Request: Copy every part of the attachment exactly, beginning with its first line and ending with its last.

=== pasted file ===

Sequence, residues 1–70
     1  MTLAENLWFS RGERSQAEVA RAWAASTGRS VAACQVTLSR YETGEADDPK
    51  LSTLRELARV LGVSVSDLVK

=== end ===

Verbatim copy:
Sequence, residues 1–70
     1  MTLAENLWFS RGERSQAEVA RAWAASTGRS VAACQVTLSR YETGEADDPK
    51  LSTLRELARV LGVSVSDLVK